393.1123 Lincheng/51: Telegram

The Counselor of Legation at Peking ( Bell ) to the Secretary of State

161. My 159, May 16, 9 a.m.79 Further consular reports from Lincheng indicate that foreign captives have been taken to Paotzeku and there is nothing to indicate progress in negotiations between Chinese authorities and brigands.

On early morning 13th a band of men, possibly soldiers, attempted to rob a bank in Tangshan. General fright ensued and, as it was feared an attempt might be made to loot railway property, the company of American troops stationed there prepared for action, but fortunately no necessity arose.

On night of 13th bandits held up small village near Pehtaiho and looted shops and salt revenue office.

At meeting of diplomatic body this morning it was decided, in view of unsatisfactory nature of views [news?] from Lincheng, that dean should inquire of Chinese Government reason for failure of negotiations and exact information as to what Government had done and was doing, and should also again remind the Chinese Government that the “sanctions” would progressively increase as each day elapsed.

Diplomatic body feels strongly that impotence of Central Government has never been more clearly demonstrated than in this affair and feels also that, as the authority of the Central Government declines, diplomatic body’s power is also being progressively lessened and its ability to secure protection for foreign nationals correspondingly diminished. It was decided that representatives of [powers] possessing fleets or squadrons in Asiatic waters should consult their governments and their admirals on the station with a view, should necessity arise, to making a joint naval demonstration at Taku near Tientsin. The idea is that ships should go to Taku for moral effect on Chinese Government and people and to demonstrate that our nationals must be protected and that our just demands cannot be ignored. The foreign representatives would not threaten the Chinese Government or commit themselves in advance towards any particular course of action. They would not even notify Chinese Foreign Office the ships were coming and there would be no salutes to Chinese flag or visits of courtesy to Chinese officials by foreign vessels. The demonstration would simply be to remind the people of China that there is a point beyond which we cannot [Page 640] be flouted. British, French, Italian, and Japanese representatives are communicating with their Governments and senior naval officers in this sense, but it is clearly understood that, on receipt of necessary authorization from home Governments, demonstration will not be made until the moment when, in opinion of the representatives here, it will create the greatest effect. I understand our fleet is somewhere between Tsingtau and Chefoo, but, in the absence of naval attaché in Shanghai with Minister, this telegram is being repeated to latter for comment and for consultation with Admiral Anderson,79a who is understood to be in Shanghai or on the Yangtze.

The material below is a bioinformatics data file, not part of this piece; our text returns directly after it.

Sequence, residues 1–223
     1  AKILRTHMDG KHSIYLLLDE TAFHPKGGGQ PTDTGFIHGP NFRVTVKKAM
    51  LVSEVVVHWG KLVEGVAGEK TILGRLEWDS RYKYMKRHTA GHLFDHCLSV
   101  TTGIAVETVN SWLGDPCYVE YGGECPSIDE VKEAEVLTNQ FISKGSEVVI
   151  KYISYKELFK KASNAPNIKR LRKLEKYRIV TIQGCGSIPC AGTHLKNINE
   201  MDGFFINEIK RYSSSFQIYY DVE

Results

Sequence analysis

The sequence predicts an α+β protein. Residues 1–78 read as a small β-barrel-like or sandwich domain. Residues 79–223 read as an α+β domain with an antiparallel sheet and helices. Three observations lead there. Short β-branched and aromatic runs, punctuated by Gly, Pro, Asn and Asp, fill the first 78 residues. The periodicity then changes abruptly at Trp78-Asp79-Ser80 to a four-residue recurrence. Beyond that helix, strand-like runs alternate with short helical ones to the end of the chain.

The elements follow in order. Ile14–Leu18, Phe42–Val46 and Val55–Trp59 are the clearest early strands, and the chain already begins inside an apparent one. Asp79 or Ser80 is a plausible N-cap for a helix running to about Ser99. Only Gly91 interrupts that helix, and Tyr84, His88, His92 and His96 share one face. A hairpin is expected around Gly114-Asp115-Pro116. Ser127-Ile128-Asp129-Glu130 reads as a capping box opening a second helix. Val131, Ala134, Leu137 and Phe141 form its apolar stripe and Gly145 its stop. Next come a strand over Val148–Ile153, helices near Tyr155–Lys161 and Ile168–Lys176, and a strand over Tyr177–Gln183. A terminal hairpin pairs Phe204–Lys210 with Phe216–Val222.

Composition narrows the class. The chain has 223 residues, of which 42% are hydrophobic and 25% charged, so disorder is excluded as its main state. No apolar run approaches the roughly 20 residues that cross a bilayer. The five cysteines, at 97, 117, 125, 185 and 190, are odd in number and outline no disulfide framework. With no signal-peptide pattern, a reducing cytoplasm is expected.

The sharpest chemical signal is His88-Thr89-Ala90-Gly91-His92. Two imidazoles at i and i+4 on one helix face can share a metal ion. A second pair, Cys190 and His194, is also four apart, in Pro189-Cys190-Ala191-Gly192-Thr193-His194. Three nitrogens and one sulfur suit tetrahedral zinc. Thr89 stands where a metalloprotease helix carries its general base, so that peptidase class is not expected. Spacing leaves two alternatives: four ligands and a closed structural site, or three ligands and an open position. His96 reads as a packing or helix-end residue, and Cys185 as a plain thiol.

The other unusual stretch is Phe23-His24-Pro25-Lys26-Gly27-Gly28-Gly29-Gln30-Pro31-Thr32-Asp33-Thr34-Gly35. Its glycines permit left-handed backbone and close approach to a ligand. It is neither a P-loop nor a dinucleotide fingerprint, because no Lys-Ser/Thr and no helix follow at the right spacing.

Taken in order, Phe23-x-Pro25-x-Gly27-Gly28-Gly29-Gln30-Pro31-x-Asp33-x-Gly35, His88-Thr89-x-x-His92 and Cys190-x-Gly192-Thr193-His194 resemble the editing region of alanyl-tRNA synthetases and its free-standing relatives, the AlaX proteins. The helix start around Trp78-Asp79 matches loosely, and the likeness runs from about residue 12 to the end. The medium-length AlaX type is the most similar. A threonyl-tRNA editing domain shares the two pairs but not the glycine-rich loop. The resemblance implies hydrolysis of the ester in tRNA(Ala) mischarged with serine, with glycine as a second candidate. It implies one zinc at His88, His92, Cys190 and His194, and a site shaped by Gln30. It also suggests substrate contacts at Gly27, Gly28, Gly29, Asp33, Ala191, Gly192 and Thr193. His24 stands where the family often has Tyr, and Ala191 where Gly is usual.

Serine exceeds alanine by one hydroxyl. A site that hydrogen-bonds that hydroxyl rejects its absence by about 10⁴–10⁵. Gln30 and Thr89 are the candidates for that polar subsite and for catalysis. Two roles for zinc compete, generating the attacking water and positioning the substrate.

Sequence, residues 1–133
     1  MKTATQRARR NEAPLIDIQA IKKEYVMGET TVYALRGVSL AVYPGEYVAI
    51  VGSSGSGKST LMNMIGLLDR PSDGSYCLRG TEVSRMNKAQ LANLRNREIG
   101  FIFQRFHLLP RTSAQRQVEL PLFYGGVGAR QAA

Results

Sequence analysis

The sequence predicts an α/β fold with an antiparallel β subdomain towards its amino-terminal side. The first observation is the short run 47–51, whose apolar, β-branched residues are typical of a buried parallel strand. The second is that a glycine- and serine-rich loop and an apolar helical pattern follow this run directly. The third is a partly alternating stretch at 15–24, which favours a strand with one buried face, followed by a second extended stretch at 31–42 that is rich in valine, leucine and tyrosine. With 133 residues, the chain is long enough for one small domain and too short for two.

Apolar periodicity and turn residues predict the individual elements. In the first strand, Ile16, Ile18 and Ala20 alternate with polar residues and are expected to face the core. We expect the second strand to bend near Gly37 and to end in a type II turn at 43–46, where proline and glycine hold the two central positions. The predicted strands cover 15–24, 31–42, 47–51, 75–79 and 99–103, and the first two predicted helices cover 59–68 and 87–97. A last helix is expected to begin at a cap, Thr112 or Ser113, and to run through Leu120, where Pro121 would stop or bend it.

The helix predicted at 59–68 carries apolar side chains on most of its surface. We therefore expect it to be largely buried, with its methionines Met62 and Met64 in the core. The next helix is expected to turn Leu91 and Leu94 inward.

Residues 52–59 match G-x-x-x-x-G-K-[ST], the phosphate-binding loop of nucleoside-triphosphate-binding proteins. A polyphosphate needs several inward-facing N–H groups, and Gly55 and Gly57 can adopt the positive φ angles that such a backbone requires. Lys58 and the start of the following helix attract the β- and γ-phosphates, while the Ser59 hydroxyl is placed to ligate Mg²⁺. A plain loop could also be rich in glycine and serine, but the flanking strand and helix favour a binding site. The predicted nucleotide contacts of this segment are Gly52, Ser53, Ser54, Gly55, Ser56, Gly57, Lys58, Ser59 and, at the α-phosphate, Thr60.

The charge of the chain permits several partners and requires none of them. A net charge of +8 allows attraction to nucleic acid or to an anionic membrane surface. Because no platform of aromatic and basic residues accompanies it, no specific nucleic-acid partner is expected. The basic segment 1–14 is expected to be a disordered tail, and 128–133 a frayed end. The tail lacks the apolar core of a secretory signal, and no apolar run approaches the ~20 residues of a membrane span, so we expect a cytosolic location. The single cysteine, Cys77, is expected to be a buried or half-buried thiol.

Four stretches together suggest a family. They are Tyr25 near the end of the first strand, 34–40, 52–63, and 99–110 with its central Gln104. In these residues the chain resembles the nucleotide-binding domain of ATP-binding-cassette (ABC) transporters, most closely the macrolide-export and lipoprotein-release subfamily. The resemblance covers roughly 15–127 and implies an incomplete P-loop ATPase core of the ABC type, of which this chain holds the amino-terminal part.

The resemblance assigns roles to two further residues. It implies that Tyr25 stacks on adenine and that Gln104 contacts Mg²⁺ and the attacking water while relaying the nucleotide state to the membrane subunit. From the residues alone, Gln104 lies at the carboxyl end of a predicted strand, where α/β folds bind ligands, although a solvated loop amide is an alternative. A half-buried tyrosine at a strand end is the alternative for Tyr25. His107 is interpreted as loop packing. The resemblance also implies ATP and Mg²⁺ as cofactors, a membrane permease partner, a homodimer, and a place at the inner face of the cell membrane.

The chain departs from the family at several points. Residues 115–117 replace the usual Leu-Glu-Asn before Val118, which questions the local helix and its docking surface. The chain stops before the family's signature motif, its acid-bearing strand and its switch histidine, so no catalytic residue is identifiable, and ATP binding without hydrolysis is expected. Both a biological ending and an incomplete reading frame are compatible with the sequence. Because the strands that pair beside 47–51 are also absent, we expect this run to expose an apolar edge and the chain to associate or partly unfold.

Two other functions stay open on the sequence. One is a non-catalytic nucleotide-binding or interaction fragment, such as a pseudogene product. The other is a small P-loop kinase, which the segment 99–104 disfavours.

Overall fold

Please instruct.

Schurman [Bell]
  1. Not printed.
  2. Admiral Edwin A. Anderson, U. S. N., commander in chief of the Asiatic Fleet